Evaluations and review should be positive in nature. “Ensure that employees understand how the evaluations will benefit employees, crews, and the company.” Their importance needs to be explained, says D.M.W. “By involving each employee in the process of evaluating their own performance with their direct supervisors, you’ll ensure they know exactly where they stand, and what they need to do to earn the financial rewards that come with strong performance.

How often is enough?
“We aim to do this quarterly as opposed to annually, as a lot of things are forgotten,” said H.T.. “We try to have these reports done on a weekly basis. They go into the employee’s personnel file to ensure that we are on top of the quality of their workmanship and their dedication to our company.”

Are weekly reports too much?
Yet, weekly reports may be too much for your company to absorb. Look for a balance that works for your operation and your supervisory abilities.  “Be careful with not overdoing it and involving too many people too often, to avoid the potential flood of input and paralysis by analysis,” suggested J.F.B.. “However, the more input and the more solutions, the better the decisions and actions that will result. There is a sweet spot to be found.”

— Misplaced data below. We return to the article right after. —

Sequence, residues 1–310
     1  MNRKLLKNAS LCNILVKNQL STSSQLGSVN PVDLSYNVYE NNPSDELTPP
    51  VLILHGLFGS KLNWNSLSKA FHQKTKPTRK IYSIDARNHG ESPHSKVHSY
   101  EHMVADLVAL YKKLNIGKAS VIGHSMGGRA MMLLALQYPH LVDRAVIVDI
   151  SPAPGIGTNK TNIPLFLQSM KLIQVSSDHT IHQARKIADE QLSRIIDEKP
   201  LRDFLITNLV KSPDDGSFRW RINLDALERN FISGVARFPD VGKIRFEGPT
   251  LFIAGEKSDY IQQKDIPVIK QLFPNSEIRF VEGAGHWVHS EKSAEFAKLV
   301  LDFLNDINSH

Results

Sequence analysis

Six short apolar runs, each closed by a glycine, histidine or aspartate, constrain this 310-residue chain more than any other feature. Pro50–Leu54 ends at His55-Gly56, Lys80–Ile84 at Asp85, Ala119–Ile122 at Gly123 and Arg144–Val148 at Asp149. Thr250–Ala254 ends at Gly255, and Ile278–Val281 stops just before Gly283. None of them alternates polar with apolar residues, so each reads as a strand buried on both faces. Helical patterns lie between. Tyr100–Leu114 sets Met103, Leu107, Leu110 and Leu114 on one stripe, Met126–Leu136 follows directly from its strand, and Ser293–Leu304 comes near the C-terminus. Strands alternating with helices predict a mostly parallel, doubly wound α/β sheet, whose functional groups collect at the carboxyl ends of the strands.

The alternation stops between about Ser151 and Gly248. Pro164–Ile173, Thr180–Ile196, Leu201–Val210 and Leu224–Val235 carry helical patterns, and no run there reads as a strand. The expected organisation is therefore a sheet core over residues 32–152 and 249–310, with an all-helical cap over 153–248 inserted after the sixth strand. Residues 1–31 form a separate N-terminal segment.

“Semi-annual performance reviews conducted by crew supervisors only take a few minutes of everyone’s time, but they give employees an opportunity to identify areas for improvement, and time to make those improvements,” said D.M.W. “By involving each employee in the process of evaluating their own performance with their direct supervisors, you’ll ensure they know exactly where they stand, and what they need to do to earn the financial rewards that come with strong performance.”

What should be measured
Almost without exemption, respondents felt the elements forming the bonus reward system must be within the employee’s control. “To have a bonus program where others have influence in the outcome, or where the variables are many, is not an incentive,” said P.J.. “Attendance, punctuality, referrals brought to the company, and demonstrated ways of saving the company money,” were inputs suggested by H.T..

Other ways to reward and motivate
The ideas expressed above would tend to question the benefit of profit-sharing schemes, although reward systems based on the company’s financial success was suggested more than once. Another respondent detailed a concept where a pre-determined total amount would be distributed to employees in proportion to their annual earnings —higher amounts directed to higher paid individuals.

Then again, others suggested granting the occasional day off work, or regular corporate social gatherings, might be sufficient motivation and encouragement for employees.

In summary, while is there is no one-size-fits-all program, clear and honest communication at all levels are obviously important. Andy’s plan went off the rails early on, perhaps because of his failure to talk to his employees in advance of drawing up his program. Hopefully some of the ideas expressed here will result in a review of your incentive programs, to ensure a happier outcome than poor Andy Roy!